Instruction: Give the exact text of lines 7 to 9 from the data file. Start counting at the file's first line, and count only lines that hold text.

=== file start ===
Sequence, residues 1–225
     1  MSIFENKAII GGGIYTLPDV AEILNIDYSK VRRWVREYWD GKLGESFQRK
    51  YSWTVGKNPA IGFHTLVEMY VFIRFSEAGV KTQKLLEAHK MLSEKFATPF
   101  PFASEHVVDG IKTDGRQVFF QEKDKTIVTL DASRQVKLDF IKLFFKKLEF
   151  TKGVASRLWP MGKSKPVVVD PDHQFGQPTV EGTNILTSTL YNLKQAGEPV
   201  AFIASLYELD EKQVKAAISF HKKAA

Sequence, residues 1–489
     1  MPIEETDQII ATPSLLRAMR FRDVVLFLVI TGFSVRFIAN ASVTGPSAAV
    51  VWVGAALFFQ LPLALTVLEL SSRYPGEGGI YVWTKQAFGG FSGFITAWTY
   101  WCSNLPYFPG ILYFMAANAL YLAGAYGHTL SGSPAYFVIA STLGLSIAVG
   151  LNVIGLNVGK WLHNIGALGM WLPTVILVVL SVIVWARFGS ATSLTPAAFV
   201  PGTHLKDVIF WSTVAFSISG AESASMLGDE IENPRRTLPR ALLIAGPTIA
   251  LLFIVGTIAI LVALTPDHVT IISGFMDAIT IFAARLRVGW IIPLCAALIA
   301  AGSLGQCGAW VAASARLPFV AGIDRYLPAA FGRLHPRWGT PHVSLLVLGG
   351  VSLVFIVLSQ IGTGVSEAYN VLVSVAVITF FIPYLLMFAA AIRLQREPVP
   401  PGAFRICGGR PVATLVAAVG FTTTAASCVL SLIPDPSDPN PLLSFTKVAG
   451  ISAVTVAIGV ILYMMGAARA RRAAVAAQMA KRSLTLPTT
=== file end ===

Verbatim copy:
Sequence, residues 1–489
     1  MPIEETDQII ATPSLLRAMR FRDVVLFLVI TGFSVRFIAN ASVTGPSAAV
    51  VWVGAALFFQ LPLALTVLEL SSRYPGEGGI YVWTKQAFGG FSGFITAWTY